A precautionary nod to the licensing trade
And children still whisper your name”
Even the T-shirts were (as you’d expect) understated and fantastic.
The third album in 2004 dipped a bit, but it was still pretty damn great in places (“kk kithcens what were you thinking”, “without msg I am nothing”), still had the power, still the lyrical and vocal quality and dexterity, possibly lost the immediacy and had some padding.
Gigs were still great.
And then on November 2nd 2004, Mclusky’s tour trailer was stolen from a La Quinta parking lot in Phoenix, Arizona, about 5 grands worth of kit gone. Somehow this seems to have heightened some issues between Falco and Chapple and lead to them wrapping up the band by December.
Mclusky’s last gig was in December 2004, where they supported Shellac at the Scala. I went and, frankly it was an odd (and a little muted) gig to finish on, certainly it would have felt more satisfying to close out with the previous ULU gigs (some of which ended up on the compilation ‘Mcluskyism’ released in 2006)
Chapple would reform his previous band Shooting At Unarmed Men, release 2 albums, then move to Australia in 2006, reforming the band again with a new lineup and then appear in other bands (Harmony and Poor People).
Falco would almost immediately continue with the amazingly similar (mostly due to his vocals and lyrics) Future Of The Left (recommended listening ‘Manchasm’, ‘Small bones small bodies’), which was basically him and Jack from Mclusky and, for the next 5 years Kelson Mathias from Jarcrew on Bass.
Still, by 2014, Mclusky would be missed enough that when FOTL started advertising Mclusky gigs again for charity causes – they sold out faster (much faster) than FOTL gigs did. Odd when you’re 2/3 the same band (Albeit with an added singer for Johns songs in one case).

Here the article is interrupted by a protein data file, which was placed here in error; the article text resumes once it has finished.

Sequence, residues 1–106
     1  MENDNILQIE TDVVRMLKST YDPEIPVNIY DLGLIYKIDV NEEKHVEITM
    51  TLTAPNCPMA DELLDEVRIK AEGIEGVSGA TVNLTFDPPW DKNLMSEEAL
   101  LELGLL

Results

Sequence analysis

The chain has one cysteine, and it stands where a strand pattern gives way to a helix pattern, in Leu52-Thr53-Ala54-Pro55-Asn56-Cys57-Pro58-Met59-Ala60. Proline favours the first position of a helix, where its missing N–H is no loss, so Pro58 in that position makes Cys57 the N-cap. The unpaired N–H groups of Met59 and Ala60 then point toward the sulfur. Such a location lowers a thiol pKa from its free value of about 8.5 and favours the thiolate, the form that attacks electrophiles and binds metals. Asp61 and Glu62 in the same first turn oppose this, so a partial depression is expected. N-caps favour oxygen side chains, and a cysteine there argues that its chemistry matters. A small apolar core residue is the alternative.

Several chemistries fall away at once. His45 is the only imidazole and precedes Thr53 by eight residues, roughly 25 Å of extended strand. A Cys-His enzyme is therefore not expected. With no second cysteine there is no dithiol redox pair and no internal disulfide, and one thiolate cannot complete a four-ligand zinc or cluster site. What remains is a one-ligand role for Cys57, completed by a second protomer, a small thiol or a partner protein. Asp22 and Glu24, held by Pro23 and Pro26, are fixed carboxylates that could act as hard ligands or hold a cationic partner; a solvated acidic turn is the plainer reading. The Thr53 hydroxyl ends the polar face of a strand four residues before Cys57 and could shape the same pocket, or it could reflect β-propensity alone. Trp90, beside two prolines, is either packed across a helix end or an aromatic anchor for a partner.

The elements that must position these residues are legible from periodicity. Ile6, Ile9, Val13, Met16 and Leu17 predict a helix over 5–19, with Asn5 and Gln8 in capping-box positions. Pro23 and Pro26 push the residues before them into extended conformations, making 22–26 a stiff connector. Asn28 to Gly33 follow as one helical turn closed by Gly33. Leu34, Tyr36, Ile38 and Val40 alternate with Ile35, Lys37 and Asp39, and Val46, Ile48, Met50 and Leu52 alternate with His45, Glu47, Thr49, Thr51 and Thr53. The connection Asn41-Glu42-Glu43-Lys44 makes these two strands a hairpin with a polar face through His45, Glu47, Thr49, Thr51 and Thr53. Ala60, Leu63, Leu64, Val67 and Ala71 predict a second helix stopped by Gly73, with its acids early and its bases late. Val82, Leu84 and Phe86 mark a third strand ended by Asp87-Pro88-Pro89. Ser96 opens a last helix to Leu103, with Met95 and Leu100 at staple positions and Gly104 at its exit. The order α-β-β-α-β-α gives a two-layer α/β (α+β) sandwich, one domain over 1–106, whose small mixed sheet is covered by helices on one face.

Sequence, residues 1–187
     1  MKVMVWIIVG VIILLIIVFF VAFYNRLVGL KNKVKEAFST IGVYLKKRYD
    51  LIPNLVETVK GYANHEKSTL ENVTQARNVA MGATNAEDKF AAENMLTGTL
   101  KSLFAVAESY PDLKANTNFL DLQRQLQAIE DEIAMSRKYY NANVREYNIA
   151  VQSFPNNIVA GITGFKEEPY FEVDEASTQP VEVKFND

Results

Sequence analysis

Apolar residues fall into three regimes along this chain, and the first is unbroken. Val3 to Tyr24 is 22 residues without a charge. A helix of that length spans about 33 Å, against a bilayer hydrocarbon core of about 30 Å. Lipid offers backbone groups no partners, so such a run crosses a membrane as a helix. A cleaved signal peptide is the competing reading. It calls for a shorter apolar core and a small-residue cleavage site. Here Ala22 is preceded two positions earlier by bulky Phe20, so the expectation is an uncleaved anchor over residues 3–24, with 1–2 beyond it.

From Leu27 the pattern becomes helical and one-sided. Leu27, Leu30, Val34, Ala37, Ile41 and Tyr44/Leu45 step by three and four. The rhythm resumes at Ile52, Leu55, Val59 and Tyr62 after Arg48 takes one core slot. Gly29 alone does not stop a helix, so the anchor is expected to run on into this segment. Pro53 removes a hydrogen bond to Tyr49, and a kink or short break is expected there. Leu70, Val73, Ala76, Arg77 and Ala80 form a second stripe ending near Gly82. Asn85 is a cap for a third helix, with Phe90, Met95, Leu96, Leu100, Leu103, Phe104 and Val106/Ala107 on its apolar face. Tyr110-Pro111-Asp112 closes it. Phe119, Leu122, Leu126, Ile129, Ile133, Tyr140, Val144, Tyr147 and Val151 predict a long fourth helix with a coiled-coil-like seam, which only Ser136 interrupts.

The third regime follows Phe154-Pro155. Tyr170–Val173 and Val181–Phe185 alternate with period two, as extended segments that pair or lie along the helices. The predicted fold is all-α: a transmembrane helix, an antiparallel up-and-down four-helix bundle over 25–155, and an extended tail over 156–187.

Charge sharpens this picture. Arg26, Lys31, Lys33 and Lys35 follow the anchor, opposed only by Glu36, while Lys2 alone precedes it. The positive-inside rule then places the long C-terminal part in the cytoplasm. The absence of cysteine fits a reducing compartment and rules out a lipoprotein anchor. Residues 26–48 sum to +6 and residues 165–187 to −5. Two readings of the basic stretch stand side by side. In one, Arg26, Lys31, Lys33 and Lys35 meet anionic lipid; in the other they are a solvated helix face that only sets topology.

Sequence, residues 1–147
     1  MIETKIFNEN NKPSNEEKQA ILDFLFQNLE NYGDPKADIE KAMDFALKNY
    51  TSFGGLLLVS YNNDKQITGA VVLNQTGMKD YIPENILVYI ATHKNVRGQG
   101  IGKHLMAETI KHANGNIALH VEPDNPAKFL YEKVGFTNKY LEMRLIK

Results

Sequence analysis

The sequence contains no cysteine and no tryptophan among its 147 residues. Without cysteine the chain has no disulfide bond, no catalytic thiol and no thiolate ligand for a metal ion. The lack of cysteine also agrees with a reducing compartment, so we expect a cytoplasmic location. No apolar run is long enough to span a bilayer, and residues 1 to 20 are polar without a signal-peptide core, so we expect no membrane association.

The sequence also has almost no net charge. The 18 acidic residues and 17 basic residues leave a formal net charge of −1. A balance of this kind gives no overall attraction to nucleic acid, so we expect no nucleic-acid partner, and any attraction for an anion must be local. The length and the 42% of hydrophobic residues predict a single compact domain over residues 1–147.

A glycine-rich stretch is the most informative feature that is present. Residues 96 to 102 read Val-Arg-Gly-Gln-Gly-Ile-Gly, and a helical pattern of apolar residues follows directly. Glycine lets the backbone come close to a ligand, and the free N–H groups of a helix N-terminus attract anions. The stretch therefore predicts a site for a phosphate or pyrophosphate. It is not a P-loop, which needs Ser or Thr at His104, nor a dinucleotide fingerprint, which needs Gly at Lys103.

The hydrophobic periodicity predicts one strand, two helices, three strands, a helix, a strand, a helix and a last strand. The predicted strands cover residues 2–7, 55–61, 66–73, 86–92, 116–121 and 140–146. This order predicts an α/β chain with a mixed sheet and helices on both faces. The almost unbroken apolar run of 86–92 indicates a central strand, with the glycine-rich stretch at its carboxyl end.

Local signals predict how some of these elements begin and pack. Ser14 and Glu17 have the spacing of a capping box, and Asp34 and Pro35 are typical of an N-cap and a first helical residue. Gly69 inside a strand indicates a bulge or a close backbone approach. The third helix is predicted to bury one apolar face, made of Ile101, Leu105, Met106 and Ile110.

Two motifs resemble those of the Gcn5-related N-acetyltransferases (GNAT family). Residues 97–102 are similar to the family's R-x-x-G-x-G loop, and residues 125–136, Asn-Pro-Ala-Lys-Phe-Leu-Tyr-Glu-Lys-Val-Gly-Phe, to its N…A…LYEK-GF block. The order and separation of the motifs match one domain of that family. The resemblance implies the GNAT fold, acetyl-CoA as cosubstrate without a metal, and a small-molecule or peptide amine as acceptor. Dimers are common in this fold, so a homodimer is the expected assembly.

But for now, let’s relive the power and lyrical dexterity of Mr. Falcous most famous band with a few punchy Mclusky tracks;
1. Lightsabre Cocksucking Blues (Reading Festival 2004)
This live version gets across the power of this set opener extremely well.
- That Man Will Not Hang (Peel Session 2004)
I’d tried to source a 1st Peel session track, but the quality was so poor I went for this excellent 2nd session effort. Peel expressed surprise he’d had them in the studio so few times by the end.
- KK Kitchens What Were You Thinking (Colin Murray BBC Session, 2004)
Entirely live from Maida Vale comes one of the best tracks from that 3rd album (My Pain And Sadness Is More Sad And Painful That Yours) and as a Brucie bonus I’ve welded an interview snippet onto the end.
- To Hell With Good Intentions (Reading Festival 2004)
Their Reading performance was a belter, (only 4 months before the split too) and whilst it was tempting to use a 2002 live track for a little balance, this version again shows the punch and quality of the band in full flow.
(By the way, I thought I’d choose non studio recorded tracks, or risk Falco’s wrath);
“Please be careful, or we’ll get the world we all deserve. Hobby bands who can tour once every few years if they’re lucky, and the superstars, freed from such inconvenient baggage as integrity and conscience, running the corporate sponsored marathon of £80-a-ticket arena tours and television adverts til their loveless hearts explode in an orgy of oppressive branding and self-regard. Some of us, in all honestly, just want to make the music we love and play it around the world without living in poverty”
By Ed The Saint